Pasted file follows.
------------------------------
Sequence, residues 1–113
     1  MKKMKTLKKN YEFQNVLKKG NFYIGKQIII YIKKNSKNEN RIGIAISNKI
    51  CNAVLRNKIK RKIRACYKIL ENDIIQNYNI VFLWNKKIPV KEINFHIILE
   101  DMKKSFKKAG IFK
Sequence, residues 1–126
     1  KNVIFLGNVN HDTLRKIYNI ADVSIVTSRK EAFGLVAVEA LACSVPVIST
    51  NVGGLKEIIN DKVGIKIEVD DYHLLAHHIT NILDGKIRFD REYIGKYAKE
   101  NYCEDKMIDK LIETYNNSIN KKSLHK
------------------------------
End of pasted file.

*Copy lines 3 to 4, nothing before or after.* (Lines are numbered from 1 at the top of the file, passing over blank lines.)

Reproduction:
    51  CNAVLRNKIK RKIRACYKIL ENDIIQNYNI VFLWNKKIPV KEINFHIILE
   101  DMKKSFKKAG IFK